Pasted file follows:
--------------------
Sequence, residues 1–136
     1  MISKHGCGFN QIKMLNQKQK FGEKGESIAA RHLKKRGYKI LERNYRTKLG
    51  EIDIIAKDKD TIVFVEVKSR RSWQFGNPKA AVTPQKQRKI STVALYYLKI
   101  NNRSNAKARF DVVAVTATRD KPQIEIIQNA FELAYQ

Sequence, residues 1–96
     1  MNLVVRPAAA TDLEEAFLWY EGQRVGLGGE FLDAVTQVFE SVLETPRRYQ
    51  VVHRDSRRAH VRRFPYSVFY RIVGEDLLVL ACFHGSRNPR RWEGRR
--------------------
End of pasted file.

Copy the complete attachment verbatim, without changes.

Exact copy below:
Sequence, residues 1–136
     1  MISKHGCGFN QIKMLNQKQK FGEKGESIAA RHLKKRGYKI LERNYRTKLG
    51  EIDIIAKDKD TIVFVEVKSR RSWQFGNPKA AVTPQKQRKI STVALYYLKI
   101  NNRSNAKARF DVVAVTATRD KPQIEIIQNA FELAYQ

Sequence, residues 1–96
     1  MNLVVRPAAA TDLEEAFLWY EGQRVGLGGE FLDAVTQVFE SVLETPRRYQ
    51  VVHRDSRRAH VRRFPYSVFY RIVGEDLLVL ACFHGSRNPR RWEGRR